Tips from Dyslexic Students for Dyslexic Students
by Nancy Hall
Nobody can fully appreciate what it’s like to be a student with dyslexia in the way that another student with dyslexia can. Tutors, teachers and parents have their advice, but here are some strategies from the real experts—kids with papers due, tests next week, and a project due on Friday. How do they do it when they are struggling readers themselves?
Abbie, 14, says her best homework strategy is a simple one. "Nothing high-tech here,” she laughs. “The most important tool for me is a big wall calendar I can write on so I know how much time I have to do what was needed. I mean, because I’m dyslexic, I get extra time to spend on tests, right? I finally realized that I should also use all the time available to me to work on regular homework assignments, too. One thing I do is to mark not just the date when something has to be finished, but the date when I need to start on it, and break the project down into smaller steps in between.”
For dyslexics who read more slowly and who sometimes can’t even read their own handwriting, allowing enough time to do homework is a must. Here are some tips:
- Break a big project up into smaller, less intimidating pieces. Have a three page paper due in a month? Let a parent or a teacher help you to set dates for working on little tasks related to the paper, like picking a topic, doing research, and writing a first draft.
- Do what’s due first. If you’re faced with a long list of short assignments, it’s easy just to grab them and do them in random order, but that’s not the most beneficial. Take a minute to prioritze your work, not only by what’s due, but by what you need more or less time with. Study tonight for the French test you have tomorrow, not the vocabulary test that’s coming up next week.
- Don’t fall into the “no homework tonight” trap. Calendar clear for tonight? Look ahead to see what’s coming up (an earth science quiz at the end of the week or a math worksheet due Thursday?) and use this free time to make a start on the work that’s due later.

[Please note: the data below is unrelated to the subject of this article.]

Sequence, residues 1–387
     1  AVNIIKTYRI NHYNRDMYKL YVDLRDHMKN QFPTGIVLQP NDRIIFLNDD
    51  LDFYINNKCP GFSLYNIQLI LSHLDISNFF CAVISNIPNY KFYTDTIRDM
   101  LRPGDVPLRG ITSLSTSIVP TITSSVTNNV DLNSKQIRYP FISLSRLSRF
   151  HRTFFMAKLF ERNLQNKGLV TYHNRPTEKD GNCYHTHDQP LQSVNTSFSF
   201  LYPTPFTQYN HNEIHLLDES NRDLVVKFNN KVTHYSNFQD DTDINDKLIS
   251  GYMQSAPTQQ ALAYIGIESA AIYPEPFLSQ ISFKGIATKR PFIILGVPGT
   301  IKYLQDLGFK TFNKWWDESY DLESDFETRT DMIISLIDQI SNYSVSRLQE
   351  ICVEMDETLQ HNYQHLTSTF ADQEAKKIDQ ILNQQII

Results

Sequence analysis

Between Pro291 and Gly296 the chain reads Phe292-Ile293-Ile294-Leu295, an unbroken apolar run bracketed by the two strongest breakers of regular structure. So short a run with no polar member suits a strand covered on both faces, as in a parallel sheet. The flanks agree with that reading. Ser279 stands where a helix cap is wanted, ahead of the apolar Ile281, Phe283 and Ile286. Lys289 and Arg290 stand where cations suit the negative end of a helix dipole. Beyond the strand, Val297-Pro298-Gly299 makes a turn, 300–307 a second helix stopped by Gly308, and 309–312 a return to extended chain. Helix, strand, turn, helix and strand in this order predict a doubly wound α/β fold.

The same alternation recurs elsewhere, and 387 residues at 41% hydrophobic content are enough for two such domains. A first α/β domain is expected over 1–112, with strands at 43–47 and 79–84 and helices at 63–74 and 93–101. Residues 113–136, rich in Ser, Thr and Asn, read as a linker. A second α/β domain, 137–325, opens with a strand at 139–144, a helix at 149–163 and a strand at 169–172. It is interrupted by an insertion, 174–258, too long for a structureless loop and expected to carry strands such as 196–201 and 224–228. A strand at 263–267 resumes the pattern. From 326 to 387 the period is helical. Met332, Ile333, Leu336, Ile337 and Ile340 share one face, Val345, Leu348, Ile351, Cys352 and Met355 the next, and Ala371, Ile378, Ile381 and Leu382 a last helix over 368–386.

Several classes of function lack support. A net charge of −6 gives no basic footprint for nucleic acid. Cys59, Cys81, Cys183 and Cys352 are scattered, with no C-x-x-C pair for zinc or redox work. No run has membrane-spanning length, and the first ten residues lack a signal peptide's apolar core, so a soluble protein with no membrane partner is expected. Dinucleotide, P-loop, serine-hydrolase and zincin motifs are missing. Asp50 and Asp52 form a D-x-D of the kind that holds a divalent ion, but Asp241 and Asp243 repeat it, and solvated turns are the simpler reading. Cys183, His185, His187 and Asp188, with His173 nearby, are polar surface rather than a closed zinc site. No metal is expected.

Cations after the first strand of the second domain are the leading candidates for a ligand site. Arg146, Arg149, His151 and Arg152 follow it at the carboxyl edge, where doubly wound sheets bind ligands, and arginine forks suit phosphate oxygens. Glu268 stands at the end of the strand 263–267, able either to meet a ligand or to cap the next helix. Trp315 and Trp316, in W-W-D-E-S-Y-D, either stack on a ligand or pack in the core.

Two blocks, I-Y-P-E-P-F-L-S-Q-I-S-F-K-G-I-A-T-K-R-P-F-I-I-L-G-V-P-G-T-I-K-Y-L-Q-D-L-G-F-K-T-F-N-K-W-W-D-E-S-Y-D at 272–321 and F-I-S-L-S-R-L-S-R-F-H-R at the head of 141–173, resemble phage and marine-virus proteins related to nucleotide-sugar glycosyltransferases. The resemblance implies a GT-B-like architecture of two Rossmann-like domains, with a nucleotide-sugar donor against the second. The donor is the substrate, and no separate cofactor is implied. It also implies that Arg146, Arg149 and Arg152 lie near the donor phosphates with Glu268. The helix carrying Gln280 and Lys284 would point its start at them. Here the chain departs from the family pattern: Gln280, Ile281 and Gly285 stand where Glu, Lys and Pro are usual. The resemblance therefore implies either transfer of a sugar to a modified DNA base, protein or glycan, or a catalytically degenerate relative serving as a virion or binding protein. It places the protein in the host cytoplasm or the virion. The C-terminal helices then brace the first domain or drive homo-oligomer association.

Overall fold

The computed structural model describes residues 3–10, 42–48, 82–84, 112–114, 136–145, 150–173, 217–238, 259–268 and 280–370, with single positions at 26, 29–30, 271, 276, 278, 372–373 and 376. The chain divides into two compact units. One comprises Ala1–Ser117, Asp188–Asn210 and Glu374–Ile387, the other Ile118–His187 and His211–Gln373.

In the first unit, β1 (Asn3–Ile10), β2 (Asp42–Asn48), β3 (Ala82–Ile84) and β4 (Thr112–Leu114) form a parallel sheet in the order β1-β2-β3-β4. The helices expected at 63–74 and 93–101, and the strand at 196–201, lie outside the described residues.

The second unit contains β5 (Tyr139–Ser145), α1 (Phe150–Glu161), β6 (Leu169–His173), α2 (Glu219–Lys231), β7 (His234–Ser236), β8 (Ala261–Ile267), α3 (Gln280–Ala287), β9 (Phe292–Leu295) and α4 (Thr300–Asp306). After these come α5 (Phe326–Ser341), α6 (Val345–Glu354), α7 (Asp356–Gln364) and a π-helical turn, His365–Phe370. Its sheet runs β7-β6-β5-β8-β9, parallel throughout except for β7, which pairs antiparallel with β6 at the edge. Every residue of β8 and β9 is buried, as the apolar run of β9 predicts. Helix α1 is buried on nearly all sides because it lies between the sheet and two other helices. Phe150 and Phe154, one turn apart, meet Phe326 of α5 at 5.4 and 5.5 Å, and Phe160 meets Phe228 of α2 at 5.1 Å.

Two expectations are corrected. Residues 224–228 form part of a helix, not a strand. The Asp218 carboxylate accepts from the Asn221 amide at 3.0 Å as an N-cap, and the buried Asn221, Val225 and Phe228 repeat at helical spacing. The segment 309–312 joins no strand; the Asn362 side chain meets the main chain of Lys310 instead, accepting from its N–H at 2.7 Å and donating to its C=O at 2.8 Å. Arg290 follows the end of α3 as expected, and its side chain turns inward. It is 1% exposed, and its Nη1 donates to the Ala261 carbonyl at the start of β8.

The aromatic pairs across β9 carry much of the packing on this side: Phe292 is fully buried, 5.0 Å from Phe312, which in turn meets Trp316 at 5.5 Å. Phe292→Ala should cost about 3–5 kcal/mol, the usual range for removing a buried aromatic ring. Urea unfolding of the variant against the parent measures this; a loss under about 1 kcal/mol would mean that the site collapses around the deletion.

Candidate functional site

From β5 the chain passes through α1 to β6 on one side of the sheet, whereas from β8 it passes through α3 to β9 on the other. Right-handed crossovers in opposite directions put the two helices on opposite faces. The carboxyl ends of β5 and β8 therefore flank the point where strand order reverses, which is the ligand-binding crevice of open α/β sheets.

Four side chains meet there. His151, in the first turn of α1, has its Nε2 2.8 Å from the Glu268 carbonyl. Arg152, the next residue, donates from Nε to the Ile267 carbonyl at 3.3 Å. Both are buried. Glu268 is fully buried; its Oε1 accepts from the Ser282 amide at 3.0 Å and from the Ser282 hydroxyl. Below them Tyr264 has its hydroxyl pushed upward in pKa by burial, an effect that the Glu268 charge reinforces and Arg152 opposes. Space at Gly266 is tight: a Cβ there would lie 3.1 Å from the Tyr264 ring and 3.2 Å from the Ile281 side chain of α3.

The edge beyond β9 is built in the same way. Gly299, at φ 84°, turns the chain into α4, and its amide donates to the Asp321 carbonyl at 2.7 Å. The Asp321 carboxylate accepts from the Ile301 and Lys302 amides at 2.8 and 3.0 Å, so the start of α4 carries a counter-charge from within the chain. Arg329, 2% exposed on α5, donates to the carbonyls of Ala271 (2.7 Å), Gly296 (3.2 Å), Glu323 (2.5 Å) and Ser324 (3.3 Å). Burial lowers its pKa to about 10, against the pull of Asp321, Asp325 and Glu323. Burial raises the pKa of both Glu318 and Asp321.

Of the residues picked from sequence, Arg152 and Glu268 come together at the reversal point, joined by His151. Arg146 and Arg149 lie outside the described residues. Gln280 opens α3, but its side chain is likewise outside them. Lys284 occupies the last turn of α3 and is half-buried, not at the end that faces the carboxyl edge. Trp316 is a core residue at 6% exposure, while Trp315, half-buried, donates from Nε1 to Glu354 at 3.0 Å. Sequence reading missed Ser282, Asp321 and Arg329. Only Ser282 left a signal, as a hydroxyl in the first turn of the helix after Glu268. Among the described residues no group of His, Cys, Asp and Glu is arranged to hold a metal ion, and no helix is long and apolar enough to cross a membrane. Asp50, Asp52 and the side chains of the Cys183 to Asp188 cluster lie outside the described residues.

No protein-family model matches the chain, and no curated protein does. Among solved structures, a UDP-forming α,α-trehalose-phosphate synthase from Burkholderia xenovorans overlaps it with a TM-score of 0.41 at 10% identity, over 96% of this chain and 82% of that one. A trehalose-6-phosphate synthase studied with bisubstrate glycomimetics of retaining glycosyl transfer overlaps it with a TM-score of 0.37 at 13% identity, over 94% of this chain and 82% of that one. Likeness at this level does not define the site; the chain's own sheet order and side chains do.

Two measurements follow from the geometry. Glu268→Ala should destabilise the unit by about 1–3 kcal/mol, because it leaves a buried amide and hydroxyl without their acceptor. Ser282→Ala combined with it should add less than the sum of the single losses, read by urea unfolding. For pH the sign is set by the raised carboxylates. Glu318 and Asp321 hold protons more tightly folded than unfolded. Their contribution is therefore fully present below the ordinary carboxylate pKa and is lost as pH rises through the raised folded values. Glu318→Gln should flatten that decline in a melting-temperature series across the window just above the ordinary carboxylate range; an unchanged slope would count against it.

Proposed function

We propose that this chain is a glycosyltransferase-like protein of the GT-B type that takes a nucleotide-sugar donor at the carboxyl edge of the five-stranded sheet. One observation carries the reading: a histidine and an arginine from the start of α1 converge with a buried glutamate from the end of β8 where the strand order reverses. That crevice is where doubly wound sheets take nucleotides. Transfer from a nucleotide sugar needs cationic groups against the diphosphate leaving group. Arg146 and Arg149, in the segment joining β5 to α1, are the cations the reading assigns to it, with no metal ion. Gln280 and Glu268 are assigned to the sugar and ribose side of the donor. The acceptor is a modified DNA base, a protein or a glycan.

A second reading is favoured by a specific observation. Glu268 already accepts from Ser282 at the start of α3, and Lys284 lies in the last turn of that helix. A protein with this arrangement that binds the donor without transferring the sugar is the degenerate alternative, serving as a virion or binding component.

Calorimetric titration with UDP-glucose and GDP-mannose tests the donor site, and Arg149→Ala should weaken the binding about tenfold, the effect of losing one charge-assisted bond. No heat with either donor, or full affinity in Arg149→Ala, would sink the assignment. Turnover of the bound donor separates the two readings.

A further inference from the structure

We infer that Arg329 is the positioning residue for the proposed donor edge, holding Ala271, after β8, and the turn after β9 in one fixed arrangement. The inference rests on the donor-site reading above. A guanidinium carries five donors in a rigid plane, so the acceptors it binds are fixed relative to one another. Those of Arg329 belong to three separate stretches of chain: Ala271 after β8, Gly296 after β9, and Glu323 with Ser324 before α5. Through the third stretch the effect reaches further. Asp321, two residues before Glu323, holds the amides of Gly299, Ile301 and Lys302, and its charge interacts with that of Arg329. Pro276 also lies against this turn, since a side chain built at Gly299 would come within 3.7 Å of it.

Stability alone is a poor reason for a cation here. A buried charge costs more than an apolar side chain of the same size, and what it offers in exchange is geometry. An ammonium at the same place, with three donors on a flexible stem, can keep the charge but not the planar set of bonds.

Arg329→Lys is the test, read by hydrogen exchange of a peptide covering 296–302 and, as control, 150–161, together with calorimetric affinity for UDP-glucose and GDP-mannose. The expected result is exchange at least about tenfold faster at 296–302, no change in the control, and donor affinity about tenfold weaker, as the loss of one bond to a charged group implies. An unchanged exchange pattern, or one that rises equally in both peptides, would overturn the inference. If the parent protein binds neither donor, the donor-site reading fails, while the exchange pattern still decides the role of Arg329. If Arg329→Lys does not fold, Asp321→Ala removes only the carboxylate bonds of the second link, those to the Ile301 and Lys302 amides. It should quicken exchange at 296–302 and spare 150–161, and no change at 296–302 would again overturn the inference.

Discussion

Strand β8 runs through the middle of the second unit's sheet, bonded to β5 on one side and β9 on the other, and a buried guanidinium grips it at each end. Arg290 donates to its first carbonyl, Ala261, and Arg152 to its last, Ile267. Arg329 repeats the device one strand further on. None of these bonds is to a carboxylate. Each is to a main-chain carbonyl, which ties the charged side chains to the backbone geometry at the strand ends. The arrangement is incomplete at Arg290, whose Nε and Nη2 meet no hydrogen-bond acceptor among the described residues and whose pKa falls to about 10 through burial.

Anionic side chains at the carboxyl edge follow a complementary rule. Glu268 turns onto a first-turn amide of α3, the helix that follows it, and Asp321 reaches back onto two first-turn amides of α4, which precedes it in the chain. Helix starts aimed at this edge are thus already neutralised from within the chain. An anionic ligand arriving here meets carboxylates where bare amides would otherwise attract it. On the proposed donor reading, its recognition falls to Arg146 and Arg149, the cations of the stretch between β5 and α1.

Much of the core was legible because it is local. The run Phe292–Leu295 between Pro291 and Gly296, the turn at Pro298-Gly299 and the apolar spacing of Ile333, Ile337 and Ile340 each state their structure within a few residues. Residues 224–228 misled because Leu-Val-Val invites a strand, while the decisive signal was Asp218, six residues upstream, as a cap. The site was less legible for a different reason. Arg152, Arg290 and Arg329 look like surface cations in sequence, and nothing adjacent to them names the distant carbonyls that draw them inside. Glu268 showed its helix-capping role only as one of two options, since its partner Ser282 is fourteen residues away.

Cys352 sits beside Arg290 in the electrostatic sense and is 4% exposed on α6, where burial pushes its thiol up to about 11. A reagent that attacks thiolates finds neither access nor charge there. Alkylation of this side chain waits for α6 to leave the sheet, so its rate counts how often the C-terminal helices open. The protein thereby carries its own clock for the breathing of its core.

- Outline a task before you start. For a science project on plant growth, what materials will you need to gather? How many days will you have to allow for the beans to sprout? How long will it take you to write up your results? Think it through in your head and figure out what steps you’ll have to take so you know what you’ll need—and how much time to allow—to get it done.
Thirteen-year-old Eli, for instance, has a friend who studies by making a Power Point presentation on her computer of the material she’ll be tested on. She listens to it several times and takes notes. “And if I did this on a Mac, I could even use the computer’s voice feature to read the material to me. I’m already doing this to read material along with me while I study,” Eli says. Eli also composes written work on his computer to save time, improve accuracy, and add interest to his written assignments when he’s typing them up. “I use the voice-recognition program Dragon to dictate what I want to say,” he explains. “It’s faster and my papers are neater, but best of all I’ve found I probably add over 50% more detail when I’m doing it this way. It lets me be a lot more creative.” It also allows him to capture crucial details that he might gloss over if he were doing it by handwriting the points on index cards and then arduously transferring them to the computer.
Here are some other high-tech tips from Eli and other kids:
- After you complete a writing assignment, whether it’s a paragraph or a longer paper, record yourself or someone in your family reading it aloud. Being able to listen to it as you read it over several times can help you to spot errors and things you’d like to change, and to understand and remember what you’ve learned.
- Listen to assigned books on tape or CD, reading along in your written copy. Bonus? You’ll feel much better prepared if you know you’re going to be called upon to read out loud in class the next day.